For my loyal readers

Some of my loyal readers have chastised me for not posting enough recently. To those that wish I wrote more, I applogize. I offer them this entry, and some advice: get a news aggregator. It makes reading weblogs much less frustrating. RSS readers keep you reading sites, even if they don't update every day. It's worth it. I use AmphetaDesk myself.

Duane J. Gajewski, Northland Gay Men's Center: End homophobia at the altar: "The state has no compelling interest in continuing to deny lesbian and gay citizens the right to marry. The only rationale offered to maintain this institutionalized discrimination is shrouded in religious beliefs to which many citizens do not subscribe. Giving credence to religious doctrine to justify discrimination against gays and lesbians is tantamount to the state recognizing one particular religion over another, and that is unconstitutional."

David S. Broder: This time around, where's the shared sacrifice? "Almost everywhere you look, the element of shared sacrifice that should be expected in a nation at war is missing. A few people are being asked to give up a lot -- measured in time or money -- while others are being indulged in ways no can claim are fair."

Matthew Miller: Democrats need a fourth way. Everyone (even Republicans) has their own theory about how the Democrats should change to win the next election. My own personal theory is that Democrats need to retake the center by showing just how conserative Bush really is underneath his fascade of "compassionate conservatism". Miller presents a "fourth way" that would accomplish that: "The substantive virtue of a Fourth Way is that it could solve big problems, even as its reliance on conservative-sounding approaches (like tax subsidies for health coverage and market-based compensation for teachers) appeals to moderate Republicans and independents. But its chief political virtue would be a vision of America that can't be 'me too-ed' by the GOP." I'm not sure if I agree with this "fourth way", but Miller's point that the Democrats need a vision that can't be co-opted is right on.

Danny O'Brien: Software in the Public Transport Interest. Danny makes a good point about public transport. When its coverage is spotty and irregular, it's hard to take, which descreases its popularity. Incidentally, this is why people like trains instead of buses. Trains are fixed in position and destination and extremely regular. Busses are often rerouted and, dependant on roads, often late. Software can help bridge this gap by letting you know when the next bus is coming. In Suburban Nation, the authors talk about a great way to increase transit ridership: notification systems inside shops near transit stops. Riders can sit and read the news paper, buy a snack, or drink a cup of coffee while waiting. When their bus is near, a sign lights up so they don't miss it. This is used in Japan and Europe.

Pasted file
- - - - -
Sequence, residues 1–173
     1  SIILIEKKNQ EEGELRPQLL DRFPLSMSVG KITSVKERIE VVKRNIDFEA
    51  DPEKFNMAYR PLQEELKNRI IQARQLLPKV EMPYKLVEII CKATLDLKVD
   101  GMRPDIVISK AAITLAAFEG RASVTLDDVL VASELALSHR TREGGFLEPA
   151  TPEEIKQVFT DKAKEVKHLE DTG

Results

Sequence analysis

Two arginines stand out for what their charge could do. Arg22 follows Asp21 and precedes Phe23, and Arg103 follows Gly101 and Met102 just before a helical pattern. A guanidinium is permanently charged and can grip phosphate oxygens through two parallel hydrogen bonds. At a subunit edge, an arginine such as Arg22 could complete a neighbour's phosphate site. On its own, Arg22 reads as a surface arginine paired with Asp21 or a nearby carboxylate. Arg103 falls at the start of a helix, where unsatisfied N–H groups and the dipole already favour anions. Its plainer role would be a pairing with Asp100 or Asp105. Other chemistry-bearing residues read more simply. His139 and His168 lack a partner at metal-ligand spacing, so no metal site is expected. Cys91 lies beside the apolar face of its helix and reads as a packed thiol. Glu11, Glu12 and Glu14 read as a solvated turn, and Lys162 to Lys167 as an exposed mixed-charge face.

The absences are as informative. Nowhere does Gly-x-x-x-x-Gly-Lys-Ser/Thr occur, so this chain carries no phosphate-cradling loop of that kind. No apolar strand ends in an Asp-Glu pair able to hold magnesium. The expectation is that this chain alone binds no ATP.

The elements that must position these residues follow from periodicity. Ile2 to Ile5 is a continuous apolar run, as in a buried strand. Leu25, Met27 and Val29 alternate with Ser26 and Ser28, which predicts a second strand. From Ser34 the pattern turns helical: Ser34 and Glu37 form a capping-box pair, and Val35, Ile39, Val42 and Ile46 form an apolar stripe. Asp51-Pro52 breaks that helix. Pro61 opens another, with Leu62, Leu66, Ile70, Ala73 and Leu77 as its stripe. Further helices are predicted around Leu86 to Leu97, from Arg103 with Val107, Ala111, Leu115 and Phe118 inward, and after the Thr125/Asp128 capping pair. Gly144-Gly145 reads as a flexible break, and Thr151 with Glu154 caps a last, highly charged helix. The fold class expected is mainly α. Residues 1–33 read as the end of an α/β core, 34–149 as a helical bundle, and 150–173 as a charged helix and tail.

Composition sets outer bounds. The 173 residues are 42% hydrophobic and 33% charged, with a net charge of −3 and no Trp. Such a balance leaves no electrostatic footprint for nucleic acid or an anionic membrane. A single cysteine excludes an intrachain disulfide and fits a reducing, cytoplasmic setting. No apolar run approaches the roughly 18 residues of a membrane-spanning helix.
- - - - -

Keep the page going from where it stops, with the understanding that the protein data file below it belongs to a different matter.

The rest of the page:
Katherine Kersten Redux

I've talked about Kersten's op-ed piece on the liberal bias of academia before (Lazy Friday Links, Nick Mark on Katherine Kersten). Now, the Strib has some good rebutals.

Rob Levin: Radical conservatives find a willing mouthpiece in Kersten. Levin attacks the source of Kersten's data...which turns out to be from that paragon of diversity, David Horowitz and his Center for the Study of Popular Culture.

Dan Malotky: Indoctrination or relativism? You can't have it both ways. Malotky cuts to the fundamental logical flaw of Kersten's argument. Conservatives often claim that the problem with liberalism is moral relativism. Yet moral relativism cannot indoctronate, because it treats all ideas equally. He writes: "But [conservatives] cannot have it both ways. Liberals either are ramming their own ideology down the students' throats, or are being too fair to the various points of view available. Conservatives might claim that it is precisely the belief in relativism that is the cornerstone of the liberal ideology."